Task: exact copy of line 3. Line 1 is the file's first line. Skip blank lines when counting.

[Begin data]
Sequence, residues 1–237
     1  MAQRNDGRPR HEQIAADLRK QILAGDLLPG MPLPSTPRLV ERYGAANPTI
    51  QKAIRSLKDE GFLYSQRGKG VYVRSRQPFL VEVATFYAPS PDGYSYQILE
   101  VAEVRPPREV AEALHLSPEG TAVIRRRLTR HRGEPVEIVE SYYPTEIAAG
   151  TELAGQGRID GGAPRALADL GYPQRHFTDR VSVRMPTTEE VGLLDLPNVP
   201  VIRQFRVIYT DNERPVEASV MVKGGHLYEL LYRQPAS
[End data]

    51  QKAIRSLKDE GFLYSQRGKG VYVRSRQPFL VEVATFYAPS PDGYSYQILE